It is absolutely crucial for women in tech to connect, remain connected and empower one another, particularly in times of frustration with the industry as a whole, and lift each other up with access to resources and opportunities when needed.

Iranian women face additional challenges. Iranian women may face anti-Iranian sentiment in the United States or anti-immigrant sentiment or deep racism and misogyny in Silicon Valley, and a travel ban that has blocked scores of brilliant Iranian STEM female professionals from pursuing their careers. The fact that the majority of our members are immigrants under a Presidential administration that is deeply anti-immigrant is another challenge that we provide a unique space to address. Not to mention, Iranian women in general are deeply misrepresented in the media; we are not simply caricatures—we are among the most highly educated demographic in the United States, and are executives, lawyers, scientists, etc.

And that’s why Persian Women in Tech exists: to organize and facilitate monthly meetings for Iranian women in the technology and STEM fields to connect, mentor, support, and empower each other—providing a space for us to address the unique challenges that face our community in a safe and supportive environment.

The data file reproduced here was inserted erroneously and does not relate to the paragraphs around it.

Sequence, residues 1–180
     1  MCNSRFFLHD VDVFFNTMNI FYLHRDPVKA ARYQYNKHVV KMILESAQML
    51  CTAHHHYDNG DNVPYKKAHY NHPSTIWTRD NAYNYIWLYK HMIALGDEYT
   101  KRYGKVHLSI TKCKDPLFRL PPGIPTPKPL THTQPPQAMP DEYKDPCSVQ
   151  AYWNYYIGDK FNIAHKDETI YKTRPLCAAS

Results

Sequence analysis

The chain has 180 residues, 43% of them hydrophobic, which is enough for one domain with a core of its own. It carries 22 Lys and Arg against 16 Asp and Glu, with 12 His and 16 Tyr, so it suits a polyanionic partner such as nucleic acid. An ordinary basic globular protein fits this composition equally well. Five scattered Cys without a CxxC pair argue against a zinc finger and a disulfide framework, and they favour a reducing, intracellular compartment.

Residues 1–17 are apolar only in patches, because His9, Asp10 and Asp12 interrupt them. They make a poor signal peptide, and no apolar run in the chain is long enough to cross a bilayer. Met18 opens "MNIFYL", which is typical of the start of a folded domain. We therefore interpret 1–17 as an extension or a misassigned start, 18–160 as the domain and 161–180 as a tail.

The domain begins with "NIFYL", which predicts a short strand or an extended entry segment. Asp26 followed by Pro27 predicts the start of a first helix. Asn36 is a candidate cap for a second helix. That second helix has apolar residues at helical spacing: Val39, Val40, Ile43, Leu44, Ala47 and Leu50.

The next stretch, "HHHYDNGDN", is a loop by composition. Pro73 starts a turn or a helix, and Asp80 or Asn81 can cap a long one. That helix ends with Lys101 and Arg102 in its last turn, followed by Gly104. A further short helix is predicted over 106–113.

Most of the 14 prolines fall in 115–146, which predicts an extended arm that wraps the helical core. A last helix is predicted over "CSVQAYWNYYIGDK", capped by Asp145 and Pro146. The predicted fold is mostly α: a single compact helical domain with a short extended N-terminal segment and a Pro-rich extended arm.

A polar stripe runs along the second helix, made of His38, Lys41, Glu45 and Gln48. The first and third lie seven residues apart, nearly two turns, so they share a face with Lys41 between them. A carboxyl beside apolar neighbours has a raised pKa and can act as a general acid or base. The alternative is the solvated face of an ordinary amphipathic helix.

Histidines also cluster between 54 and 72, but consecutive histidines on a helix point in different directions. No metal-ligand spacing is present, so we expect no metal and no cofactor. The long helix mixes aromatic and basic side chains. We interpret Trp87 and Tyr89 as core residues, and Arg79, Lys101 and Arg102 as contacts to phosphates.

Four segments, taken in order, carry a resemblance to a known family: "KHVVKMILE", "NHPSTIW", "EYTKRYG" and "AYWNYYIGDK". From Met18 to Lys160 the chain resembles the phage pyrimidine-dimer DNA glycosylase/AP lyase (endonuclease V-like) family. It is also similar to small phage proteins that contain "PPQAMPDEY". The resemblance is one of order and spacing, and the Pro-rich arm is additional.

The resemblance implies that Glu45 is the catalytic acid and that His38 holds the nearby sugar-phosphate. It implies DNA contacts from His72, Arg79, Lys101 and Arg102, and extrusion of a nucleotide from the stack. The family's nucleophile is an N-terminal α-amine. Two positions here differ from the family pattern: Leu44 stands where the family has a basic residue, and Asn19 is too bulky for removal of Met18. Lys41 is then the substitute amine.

Startup founders who have attended our events connected with investors who have funded their startups, and attendees who were job seekers had the opportunity to connect with recruiters of our hosting companies, which then translated in job opportunities.

Sojwal: What was your own journey like as an advocate for gender equity? What drives you?

Nasiri: I’ve been in the tech space for the last 16 years, starting right out of college. And while the last 16 years have been a very exciting time for tech companies, it was awfully lonely going to meetings and to conferences back then, with only a few women ever in the room at once.